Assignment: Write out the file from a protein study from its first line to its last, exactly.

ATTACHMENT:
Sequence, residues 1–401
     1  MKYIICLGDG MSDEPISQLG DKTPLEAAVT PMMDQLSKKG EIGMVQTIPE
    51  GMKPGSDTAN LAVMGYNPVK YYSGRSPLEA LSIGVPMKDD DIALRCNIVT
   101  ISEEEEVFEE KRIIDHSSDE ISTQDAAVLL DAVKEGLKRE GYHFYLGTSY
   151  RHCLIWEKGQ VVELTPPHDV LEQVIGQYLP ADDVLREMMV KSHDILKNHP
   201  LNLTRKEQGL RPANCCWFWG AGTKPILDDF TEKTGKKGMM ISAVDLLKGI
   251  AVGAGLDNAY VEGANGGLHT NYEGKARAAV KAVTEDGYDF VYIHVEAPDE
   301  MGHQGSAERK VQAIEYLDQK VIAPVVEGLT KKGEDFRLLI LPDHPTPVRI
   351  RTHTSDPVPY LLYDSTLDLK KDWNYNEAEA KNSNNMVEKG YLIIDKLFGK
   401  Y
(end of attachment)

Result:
Sequence, residues 1–401
     1  MKYIICLGDG MSDEPISQLG DKTPLEAAVT PMMDQLSKKG EIGMVQTIPE
    51  GMKPGSDTAN LAVMGYNPVK YYSGRSPLEA LSIGVPMKDD DIALRCNIVT
   101  ISEEEEVFEE KRIIDHSSDE ISTQDAAVLL DAVKEGLKRE GYHFYLGTSY
   151  RHCLIWEKGQ VVELTPPHDV LEQVIGQYLP ADDVLREMMV KSHDILKNHP
   201  LNLTRKEQGL RPANCCWFWG AGTKPILDDF TEKTGKKGMM ISAVDLLKGI
   251  AVGAGLDNAY VEGANGGLHT NYEGKARAAV KAVTEDGYDF VYIHVEAPDE
   301  MGHQGSAERK VQAIEYLDQK VIAPVVEGLT KKGEDFRLLI LPDHPTPVRI
   351  RTHTSDPVPY LLYDSTLDLK KDWNYNEAEA KNSNNMVEKG YLIIDKLFGK
   401  Y